The Super Bowl, and Why I’m Not a Fan


superb_owl

Let me state this upfront. I’m not a fan of American football. I find the game unbearably boring (and this from someone who enjoys both baseball and soccer). To me it’s usually five seconds of action followed by three minutes of commercials. I find it to be inexcusably violent, borderline misogynistic and so very, very dull. So I am not the target audience for the Super Bowl.

That said, even if I were a football fan, I’d probably really hate the Super Bowl.

The Super Bowl is not now, and for a long time has not been, about football. It’s about a two-week buildup to a weeklong event that culminates in an hour-long game that somehow takes three hours to play, and is just generally a platform for selling ad time. The game itself is an afterthought, and the league goes out of their way each year to assure that it’s going to be played in a place where there isn’t any sort of rain or cold or snow; or to put it another way, football weather.

The whole nonsense this past couple of weeks about the New England Patriots underinflating their balls is a great example of how this is not about football. If it were, the team would face crippling fines and possible removal from the game. That sort of thing is necessary to reassure fans that the games actually matter and that cheating isn’t accepted.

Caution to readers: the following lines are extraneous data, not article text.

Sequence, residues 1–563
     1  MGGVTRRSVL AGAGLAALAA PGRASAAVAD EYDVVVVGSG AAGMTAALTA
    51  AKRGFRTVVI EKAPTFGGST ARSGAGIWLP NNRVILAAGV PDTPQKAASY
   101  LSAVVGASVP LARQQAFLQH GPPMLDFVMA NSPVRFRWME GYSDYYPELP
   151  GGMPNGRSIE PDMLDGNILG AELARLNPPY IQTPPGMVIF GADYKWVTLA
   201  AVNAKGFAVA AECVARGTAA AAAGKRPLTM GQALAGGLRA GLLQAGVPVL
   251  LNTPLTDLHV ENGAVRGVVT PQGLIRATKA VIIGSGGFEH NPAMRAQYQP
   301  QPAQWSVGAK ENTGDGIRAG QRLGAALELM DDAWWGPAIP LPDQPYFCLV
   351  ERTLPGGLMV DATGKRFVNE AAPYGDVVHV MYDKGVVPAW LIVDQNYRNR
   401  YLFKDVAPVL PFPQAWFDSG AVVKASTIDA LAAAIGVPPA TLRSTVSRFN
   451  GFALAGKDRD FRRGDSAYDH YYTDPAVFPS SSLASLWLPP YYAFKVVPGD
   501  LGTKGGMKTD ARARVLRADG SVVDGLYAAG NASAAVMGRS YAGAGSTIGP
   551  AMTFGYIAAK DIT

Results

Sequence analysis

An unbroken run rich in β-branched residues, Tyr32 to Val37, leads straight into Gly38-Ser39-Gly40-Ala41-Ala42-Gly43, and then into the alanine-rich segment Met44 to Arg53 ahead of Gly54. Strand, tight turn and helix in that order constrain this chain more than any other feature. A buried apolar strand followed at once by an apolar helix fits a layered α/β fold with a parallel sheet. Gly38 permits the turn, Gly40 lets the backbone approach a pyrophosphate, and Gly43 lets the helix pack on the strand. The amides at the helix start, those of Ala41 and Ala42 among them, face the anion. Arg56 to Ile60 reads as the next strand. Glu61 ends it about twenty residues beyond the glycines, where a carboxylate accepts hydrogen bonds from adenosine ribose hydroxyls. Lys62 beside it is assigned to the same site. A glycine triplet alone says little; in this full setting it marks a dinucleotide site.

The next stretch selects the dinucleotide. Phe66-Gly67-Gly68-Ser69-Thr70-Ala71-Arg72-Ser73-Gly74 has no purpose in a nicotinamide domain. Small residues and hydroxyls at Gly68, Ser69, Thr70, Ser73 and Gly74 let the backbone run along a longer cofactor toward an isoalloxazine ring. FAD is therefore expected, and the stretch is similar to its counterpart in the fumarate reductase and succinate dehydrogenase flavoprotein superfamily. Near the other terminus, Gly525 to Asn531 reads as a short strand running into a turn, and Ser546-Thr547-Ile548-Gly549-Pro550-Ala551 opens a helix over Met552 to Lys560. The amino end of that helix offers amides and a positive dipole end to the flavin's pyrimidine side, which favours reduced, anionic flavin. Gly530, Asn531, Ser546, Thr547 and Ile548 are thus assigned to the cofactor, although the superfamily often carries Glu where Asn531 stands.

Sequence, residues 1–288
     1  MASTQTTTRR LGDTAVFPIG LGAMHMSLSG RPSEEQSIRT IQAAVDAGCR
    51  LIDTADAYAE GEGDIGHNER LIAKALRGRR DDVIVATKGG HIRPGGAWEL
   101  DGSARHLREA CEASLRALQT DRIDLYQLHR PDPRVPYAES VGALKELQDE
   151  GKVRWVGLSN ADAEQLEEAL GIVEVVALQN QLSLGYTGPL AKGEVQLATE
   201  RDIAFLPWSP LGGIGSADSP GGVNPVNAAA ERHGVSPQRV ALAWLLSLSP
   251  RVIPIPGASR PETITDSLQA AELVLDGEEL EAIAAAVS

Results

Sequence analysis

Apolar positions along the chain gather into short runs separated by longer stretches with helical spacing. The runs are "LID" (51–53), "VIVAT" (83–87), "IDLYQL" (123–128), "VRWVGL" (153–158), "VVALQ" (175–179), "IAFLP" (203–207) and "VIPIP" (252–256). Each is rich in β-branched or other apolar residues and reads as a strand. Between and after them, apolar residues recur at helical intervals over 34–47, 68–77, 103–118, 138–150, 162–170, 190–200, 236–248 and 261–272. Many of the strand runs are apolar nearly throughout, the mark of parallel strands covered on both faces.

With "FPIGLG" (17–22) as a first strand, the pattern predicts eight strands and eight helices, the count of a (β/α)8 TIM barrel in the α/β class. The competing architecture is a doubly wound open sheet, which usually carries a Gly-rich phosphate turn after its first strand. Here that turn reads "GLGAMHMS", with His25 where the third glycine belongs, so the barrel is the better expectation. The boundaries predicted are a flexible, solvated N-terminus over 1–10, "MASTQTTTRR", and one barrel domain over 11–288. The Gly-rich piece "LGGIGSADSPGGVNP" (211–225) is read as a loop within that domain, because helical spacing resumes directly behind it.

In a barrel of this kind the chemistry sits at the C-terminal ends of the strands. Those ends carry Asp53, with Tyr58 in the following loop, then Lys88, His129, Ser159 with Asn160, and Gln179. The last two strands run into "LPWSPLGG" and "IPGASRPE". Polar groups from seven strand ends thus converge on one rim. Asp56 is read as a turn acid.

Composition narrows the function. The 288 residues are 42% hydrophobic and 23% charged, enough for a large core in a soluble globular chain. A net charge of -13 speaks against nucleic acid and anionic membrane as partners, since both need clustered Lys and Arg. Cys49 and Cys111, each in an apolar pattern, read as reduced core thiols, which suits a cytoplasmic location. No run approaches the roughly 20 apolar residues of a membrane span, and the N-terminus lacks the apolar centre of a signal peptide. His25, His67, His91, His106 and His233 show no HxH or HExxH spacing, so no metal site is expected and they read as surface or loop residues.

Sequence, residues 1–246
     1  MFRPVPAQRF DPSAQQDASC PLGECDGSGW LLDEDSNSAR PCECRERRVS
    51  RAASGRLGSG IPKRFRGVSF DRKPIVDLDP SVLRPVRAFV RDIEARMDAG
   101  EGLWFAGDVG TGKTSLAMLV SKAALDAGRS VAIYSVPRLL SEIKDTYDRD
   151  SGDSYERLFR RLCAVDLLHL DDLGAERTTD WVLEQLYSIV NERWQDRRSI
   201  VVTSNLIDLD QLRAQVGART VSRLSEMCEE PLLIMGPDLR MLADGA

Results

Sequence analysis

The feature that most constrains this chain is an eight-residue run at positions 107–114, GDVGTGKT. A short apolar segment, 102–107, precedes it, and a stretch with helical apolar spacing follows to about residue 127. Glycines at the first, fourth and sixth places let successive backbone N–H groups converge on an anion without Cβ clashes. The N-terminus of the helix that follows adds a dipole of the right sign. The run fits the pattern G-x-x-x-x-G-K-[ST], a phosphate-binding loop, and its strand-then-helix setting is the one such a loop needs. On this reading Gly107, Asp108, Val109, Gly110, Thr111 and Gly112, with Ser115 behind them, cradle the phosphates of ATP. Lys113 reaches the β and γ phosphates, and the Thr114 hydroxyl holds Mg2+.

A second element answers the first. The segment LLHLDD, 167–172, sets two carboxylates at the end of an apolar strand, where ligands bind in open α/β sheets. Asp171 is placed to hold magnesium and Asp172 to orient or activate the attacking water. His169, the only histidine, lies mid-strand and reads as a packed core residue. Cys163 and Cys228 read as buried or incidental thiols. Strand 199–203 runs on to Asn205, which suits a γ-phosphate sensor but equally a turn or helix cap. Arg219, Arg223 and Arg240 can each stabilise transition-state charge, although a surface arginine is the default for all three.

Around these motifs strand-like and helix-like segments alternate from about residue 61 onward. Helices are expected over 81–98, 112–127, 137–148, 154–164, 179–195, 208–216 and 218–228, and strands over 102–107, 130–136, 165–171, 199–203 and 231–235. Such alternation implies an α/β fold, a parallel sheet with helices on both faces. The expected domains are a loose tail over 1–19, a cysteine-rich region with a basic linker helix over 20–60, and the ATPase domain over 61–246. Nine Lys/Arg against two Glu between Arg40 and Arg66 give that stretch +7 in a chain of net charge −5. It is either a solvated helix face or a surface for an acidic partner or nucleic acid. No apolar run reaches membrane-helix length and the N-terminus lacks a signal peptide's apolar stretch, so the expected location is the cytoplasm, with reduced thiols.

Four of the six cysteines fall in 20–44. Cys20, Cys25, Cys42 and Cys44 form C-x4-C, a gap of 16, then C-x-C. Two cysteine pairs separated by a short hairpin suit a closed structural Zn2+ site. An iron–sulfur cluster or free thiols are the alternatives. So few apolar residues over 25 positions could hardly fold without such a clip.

But clearly that isn’t what’s going to happen. Now one can argue that the Patriots probably would have beaten the Colts anyhow, and that may be true. But we’ll never know, because the Patriots cheated. They cheated and got away with it, because once they were announced as the winners, there was no way in hell that the NFL would say, “Whoops, nope, actually they’re going to forfeit, and the Seahawks will be declared the winners.” Are you kidding? They’d never do that. Not with the amount of money they’d stand to lose. Hell, it would probably take some sort of really, really blatant rules violation or bribery scandal to prevent a team from being in the Super Bowl once they were announced as a player, and even then the league would probably wait until after the game and amend the record with an asterisk or two.

The Super Bowl is about money from start to finish. There is nothing fundamentally wrong with that, but I have to say that if I were actually a football fan, that would irritate me to no end, and as far as I’d be concerned, the game would be basically irrelevant and I wouldn’t watch it. I’m baffled that anyone who likes football actually does.

(all this said, I’ll be at a Super Bowl party tomorrow. Go, Seahawks!)

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